METAMORA, Ill. (WMBD) — Concerns over COVID-19 have hit businesses, large and small, across the board.
However, a few developing business owners said, Wednesday, although the crisis has thrown them a curveball they still plan to move forward.
David Wohlert Jr., CEO of Farm Table Brewing Co., said when construction started on his future microbrewery/restaurant last December he never foresaw a global virus throwing a wrench in his plans. He also said he still doesn’t see it that way.
“It’s been a daunting task and I can’t say it hasn’t been stressful,” Wohlert said. “But all you can do is adapt to the stress and keep moving forward.”
Wohlert said the current outbreak is only slowing down their plans slightly so he and the staff can practice social distancing, but he said it’s not affecting the essential construction being done on the building.
He said the outbreak, however, did give him and co-owner Natasha McQuaid ideas on how to offer alternative services if they can’t operate with large crowds.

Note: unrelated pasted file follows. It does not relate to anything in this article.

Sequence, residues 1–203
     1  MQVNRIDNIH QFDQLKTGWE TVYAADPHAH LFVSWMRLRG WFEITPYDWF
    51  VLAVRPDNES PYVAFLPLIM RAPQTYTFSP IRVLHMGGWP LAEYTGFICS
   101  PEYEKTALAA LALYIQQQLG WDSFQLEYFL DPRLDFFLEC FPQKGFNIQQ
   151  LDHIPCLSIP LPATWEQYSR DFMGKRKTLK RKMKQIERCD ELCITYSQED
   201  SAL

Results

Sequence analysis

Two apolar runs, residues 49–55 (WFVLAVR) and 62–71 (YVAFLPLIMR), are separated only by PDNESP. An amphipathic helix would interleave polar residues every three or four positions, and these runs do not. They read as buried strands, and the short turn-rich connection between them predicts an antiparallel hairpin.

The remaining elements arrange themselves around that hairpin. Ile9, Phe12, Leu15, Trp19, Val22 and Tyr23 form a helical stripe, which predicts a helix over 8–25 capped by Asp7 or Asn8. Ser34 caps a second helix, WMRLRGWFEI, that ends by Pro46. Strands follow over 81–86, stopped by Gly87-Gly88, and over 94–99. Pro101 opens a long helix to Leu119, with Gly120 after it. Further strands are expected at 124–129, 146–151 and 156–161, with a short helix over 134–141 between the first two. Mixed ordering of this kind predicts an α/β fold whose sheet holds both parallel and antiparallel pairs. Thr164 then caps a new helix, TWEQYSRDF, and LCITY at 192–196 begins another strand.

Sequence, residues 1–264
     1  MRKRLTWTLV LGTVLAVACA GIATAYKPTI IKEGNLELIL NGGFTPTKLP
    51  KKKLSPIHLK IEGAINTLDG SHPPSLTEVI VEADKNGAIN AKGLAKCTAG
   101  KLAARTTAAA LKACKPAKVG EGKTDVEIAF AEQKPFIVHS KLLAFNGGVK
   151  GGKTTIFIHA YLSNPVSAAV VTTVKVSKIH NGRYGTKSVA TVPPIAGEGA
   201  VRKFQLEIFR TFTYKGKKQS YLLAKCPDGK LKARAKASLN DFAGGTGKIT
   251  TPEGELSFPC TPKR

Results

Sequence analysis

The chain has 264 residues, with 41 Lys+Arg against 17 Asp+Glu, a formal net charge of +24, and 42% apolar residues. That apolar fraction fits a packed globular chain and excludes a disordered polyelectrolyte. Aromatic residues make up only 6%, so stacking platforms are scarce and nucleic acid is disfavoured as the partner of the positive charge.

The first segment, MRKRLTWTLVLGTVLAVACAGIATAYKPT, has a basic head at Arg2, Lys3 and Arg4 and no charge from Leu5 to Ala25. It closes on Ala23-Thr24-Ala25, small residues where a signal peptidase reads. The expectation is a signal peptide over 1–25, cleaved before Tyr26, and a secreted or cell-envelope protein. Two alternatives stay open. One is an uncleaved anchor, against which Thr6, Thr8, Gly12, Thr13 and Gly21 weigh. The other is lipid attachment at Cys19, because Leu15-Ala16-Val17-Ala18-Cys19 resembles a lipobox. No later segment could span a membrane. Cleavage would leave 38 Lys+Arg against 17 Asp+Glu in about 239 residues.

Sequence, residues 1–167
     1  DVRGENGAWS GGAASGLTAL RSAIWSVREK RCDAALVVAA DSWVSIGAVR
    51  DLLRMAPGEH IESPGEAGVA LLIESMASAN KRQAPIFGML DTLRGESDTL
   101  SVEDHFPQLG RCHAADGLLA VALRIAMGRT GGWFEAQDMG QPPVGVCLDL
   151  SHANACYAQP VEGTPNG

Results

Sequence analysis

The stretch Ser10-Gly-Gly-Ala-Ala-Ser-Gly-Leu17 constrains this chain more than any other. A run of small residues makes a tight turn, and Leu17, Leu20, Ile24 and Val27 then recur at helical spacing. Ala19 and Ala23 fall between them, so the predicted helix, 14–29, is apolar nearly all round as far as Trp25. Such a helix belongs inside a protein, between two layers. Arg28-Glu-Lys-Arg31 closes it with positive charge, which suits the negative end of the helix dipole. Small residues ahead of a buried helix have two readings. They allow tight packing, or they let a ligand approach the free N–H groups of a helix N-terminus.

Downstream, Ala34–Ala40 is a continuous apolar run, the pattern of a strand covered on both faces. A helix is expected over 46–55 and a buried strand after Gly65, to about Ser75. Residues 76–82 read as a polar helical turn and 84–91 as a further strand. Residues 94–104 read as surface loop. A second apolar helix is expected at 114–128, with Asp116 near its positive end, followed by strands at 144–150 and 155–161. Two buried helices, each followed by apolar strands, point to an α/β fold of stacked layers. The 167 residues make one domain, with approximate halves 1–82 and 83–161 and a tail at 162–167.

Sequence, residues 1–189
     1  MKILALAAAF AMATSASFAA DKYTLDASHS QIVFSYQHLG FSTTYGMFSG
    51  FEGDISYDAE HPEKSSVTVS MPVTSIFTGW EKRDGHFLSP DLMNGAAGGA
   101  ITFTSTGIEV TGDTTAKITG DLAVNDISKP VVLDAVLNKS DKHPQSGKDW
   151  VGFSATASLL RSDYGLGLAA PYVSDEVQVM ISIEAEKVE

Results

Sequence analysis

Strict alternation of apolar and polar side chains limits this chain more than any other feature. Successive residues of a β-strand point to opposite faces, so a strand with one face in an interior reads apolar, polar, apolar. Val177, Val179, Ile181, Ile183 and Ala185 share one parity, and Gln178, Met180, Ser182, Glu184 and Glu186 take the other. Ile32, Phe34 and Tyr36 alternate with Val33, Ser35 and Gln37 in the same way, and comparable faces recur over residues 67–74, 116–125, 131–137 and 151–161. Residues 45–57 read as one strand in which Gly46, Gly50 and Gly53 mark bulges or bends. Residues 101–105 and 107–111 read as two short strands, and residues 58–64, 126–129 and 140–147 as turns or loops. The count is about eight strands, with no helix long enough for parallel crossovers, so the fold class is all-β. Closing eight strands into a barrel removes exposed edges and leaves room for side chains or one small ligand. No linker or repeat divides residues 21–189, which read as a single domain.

“If god forbid, anything like this happens again we’ll hope to be better prepared to provide the community with well-needed resources,” Wohlert said. “Such as curbside pickup or even packaging liquor to where we can sell our homebrews.”
Another local business, Rhonda’s Doggie Palace, was operating for a year before it voluntarily closed, before Illinois’ stay-at-home order, to expand in a bigger location.
Owner Rhonda Fries said she originally planned to reopen April 1 and now hopes for April 15. Fries said although the future is uncertain and nervewracking, she plans to tough it out.
“We’re hoping, being an essential business but you don’t know right now with everything it’s just one curveball gets thrown into the next,” Fries said. “So, we’re just going to keep praying and moving forward.”
Fries said she plans to sell essential oils and treats for dogs as well as offer boarding for the canines. She said at this point all she can do is hope for the best and keep working.
“I plan to have faith and keep pushing on,” Fries said.
Wohlert expressed similar sentiments and said the community has supported them every step of the way.
“We have a very strong community here [in Metamora] and everyone backs us,” Wohlert said. “Usually you can literally walk down the street and if you needed the shirt off somebody’s back they’d give it to you.”